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Volume 17, Number 8—August 2011

Dispatch

Cowpox Virus in Llama, Italy

Giusy CardetiComments to Author , Alberto Brozzi, Claudia Eleni, Nicola Polici, Gianlorenzo D’Alterio, Fabrizio Carletti, Maria Teresa Scicluna, Concetta Castilletti, Maria R. Capobianchi, Antonino Di Caro, Gian Luca Autorino, and Demetrio Amaddeo
Author affiliations: Author affiliations: Istituto Zooprofilattico Sperimentale delle Regioni Lazio e Toscana, Rome, Italy (G. Cardeti, A. Brozzi, C. Eleni, M.T. Scicluna, G.L. Autorino, D. Amaddeo); Azienda Unità Sanitaria Locale, Viterbo, Italy (N. Polici); Ambulatorio Veterinario Farnese, Farnese, Italy (G. D’Alterio); National Institute for Infectious Diseases, Rome (F. Carletti, C. Castilletti, M.R. Capobianchi, A. Di Caro)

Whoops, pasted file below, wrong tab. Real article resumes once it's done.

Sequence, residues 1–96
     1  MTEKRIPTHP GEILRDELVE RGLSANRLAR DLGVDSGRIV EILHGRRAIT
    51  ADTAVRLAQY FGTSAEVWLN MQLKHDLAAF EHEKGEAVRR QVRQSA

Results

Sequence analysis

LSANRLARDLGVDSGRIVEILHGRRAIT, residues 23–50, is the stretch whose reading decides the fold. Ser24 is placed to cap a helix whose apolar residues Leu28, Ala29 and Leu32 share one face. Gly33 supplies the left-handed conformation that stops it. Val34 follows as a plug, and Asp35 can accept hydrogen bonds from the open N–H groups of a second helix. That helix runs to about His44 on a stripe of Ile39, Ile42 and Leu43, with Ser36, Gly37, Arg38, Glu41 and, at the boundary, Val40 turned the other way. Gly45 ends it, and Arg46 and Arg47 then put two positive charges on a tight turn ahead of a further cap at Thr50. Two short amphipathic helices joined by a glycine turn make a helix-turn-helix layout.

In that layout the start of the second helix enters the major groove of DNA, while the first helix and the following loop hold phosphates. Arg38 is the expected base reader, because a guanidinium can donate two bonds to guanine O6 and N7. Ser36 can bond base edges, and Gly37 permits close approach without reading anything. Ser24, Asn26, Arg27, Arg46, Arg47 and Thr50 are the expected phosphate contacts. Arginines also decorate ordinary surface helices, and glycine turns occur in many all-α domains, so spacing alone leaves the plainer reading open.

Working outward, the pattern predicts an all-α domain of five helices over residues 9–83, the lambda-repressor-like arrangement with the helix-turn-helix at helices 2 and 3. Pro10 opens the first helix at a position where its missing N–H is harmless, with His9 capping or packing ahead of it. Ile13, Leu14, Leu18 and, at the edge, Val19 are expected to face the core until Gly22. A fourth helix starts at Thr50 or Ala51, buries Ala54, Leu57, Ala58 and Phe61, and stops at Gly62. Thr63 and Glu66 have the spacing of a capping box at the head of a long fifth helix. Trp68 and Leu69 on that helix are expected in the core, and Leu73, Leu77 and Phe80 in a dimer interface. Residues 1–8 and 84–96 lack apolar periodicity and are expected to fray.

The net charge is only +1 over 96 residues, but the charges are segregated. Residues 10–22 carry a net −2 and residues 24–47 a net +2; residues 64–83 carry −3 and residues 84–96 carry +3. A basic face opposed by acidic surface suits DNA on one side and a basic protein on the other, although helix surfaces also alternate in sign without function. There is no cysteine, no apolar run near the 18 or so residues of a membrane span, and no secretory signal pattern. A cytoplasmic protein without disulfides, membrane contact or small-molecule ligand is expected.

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Figure 1

A) Skin lesions showing a crater morphologic appearance typical of poxvirus around the anus of a llama from a farm near Calcata (Viterbo) in Northern Latium, Italy. B) Electron micrography image of skin lesion sample showing negatively stained brick viral particle of ≈160–220 nm, consistent with orthopoxvirus. Scale bar = 1 µm.

Figure 1. A) Skin lesions showing a crater morphologic appearance typical of poxvirus around the anus of a llama from a farm near Calcata (Viterbo) in Northern Latium, Italy. B) Electron micrography image of skin lesion sample showing negatively stained brick viral particle of ≈160–220 nm, consistent with orthopoxvirus. Scale bar = 1 µm.

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